Scarcity means fewer goods available relative to the population, while a shortage is a price phenomenon. The earthquake of 1906 destroyed thousands of housing units, but there was no housing shortage because people immediately put extra rooms and buildings up for rent. These people did not do this out of the goodness of their hearts (in most cases, anyway), but were entrepreneurs who saw the chance to make money. As such, although 200,000 had their housing units destroyed, no one was forced to live on the street except for the shortest period. Likewise, Sowell explains how the gasoline "crisis" of 1972 and 1973 was entirely created by the U.S. government and did not reflect a shortage of product.
Complex effects can have very simple causes. For example, it is a simple concept that people buy more at lower prices than at higher ones. It is also simple to understand that producers will make more of something if they can sell it for a higher price than at a lower one. Price controls are also a simple concept. But if you put them all together you get all sorts of complicated reactions, most of which were not what was intended.
Rent control is the most prevalent attempt at price control by well-meaning people that has led to many problems, many of which were directly counterproductive to what the lawmakers intended. Sowell uses examples from Sweden, New York City, Australia, and other places to make the point. Sweden was the most illustrative. After World War II, Swedish lawmakers inposed rent control. With prices low, demand skyrocketed, especially as incomes increased in the post-war boom. No matter how fast they built housing units, the waiting list got longer and longer. Housing units were not scarce in any meaningful sense, but there was a shortage (remember our definitions). Finally, Swedish lawmakers abolished rent control, and prices went up to their natural level. As soon as they did, the waiting lists disappeared. There was neither a scarcity or shortage of housing units.
Other effects of rent control in a capitalist system is to reduce the incentive to build new housing units, and to maintain existing ones. It also incents builders to construct luxury units for the wealthy, since lawmakers almost always make a few exceptions in their legislation. Finally, rent control incents tenants to occupy a larger unit than they would otherwise, since prices are kept artificially low. The net effect is to create a housing shortage.
The concept of Cost is part of this discussion. Prices are not arbitrary, and serve the purpose of forcing people to make choices between scarce products (something is scarce if it isn't available in unlimited supply, such as air, and with pollution that's scarce too). Schemes by well-intentioned people to make things "more affordable" or a "right" ultimately run up against economic reality. Prices are not just a nuisance to get around, Sowell says, but reflect scarcity. Thus it may make some people feel morally superior that they make health insurance a "right," but the always ignore the effects on supply and demand while making their speeches.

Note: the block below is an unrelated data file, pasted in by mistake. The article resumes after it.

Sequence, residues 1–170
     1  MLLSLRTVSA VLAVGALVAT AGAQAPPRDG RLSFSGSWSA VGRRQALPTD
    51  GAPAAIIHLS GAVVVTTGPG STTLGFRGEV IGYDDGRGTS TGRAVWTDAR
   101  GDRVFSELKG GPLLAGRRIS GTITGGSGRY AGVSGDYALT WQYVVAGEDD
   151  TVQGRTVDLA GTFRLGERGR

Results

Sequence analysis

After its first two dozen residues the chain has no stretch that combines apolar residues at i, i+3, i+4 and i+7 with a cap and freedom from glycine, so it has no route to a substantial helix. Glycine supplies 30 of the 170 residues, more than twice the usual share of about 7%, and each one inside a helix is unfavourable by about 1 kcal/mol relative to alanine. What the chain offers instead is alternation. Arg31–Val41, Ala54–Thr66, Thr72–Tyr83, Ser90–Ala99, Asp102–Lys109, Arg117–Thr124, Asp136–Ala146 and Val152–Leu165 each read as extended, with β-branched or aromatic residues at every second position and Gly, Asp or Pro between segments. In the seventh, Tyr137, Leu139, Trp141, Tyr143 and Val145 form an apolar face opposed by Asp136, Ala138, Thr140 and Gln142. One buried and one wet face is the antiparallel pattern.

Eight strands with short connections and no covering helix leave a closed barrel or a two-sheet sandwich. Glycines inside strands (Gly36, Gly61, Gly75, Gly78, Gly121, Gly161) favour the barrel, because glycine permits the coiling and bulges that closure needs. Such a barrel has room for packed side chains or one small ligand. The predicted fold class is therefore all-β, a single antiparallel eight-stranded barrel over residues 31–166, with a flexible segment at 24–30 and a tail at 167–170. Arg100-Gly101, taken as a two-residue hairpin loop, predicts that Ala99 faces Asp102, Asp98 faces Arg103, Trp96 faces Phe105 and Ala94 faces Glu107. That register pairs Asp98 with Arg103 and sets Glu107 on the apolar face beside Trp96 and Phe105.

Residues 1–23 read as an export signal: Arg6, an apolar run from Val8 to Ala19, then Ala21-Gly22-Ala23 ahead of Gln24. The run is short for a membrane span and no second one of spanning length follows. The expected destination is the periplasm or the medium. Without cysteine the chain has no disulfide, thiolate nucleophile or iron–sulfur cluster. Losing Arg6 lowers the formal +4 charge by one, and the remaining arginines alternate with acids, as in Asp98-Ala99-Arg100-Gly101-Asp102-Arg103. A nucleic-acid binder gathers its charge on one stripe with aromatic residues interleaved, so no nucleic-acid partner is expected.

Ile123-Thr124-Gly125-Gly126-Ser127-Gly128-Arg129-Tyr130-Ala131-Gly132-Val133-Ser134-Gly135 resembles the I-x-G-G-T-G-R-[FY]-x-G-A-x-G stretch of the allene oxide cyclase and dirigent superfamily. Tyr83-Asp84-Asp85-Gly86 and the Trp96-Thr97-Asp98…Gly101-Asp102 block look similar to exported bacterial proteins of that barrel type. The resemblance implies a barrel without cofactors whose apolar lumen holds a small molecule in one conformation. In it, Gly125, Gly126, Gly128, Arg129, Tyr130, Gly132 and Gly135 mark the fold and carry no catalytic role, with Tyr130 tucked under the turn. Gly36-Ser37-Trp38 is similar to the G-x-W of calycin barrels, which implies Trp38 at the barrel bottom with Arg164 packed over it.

Eliminate the Middleman
I think we're all heard the commercials that end with "and what did they do with the middleman, anyway? Something fishy there...." While this makes for a good commercial, it never really works out that way. Farmers are never going to truck their own eggs to the supermarket. Ranchers won't butcher their own stock and can their own stock. Newspapers don't own and operate their own newsstands, and automobile companies discovered a long time ago that it's cheaper to let someone else sell the cars.
There are more middlemen in Third World nations than in industrialized. Far from reflecting inefficiency, it is more efficient in underdeveloped economies to have more intermediaries. Sowell explains in some detail why this is so, but essentially it is because the quantities produced by farmers working small plots is less than in the West.
It can be much harder to measure things like efficiency than one might imagine. Sometimes it's relatively straightforward. For example, European farmers brag that they produce more product per acre than their American counterparts. American farmers brag that they produce more per agricultural worker than their European counterparts. Both are factually correct. Who, then, is more efficient? Both, and neither. Each has tuned their efficiency to their own circumstances. Europeans have a shortage of land, Americans, labor.
Other times it is more difficult. During the Cold War, Soviet propagandists bragged that their railroad system delivered more goods per railcar than their American counterpart. And they were right. Did this, then, mean that their system was more efficient? No, because they were using the wrong metric. A better measure of efficiency is whether products get to where they're supposed to be when they're supposed to get there. By this measure, the American system was clearly superior. After all, we're all familiar with stories of Soviet agricultural waste because perishable products rotted before they were delivered. That the American system required more railcars is immaterial.
The Scarcity of Knowledge
A theme among free-market economists is the impossibility of central planners to have enough information to control any aspect of an economy. Frederick Hayek expounded upon this in The Road to Serfdom over 50 years ago, and Sowell continues the tradition in his book.
An interesting example Sowell uses is from 19th century Rhodesia. The British government decided that they knew best how to grow peanuts in Rhodesia, and so micromanaged the process from London. They turned a profitable enterprise into a disaster in just a few years.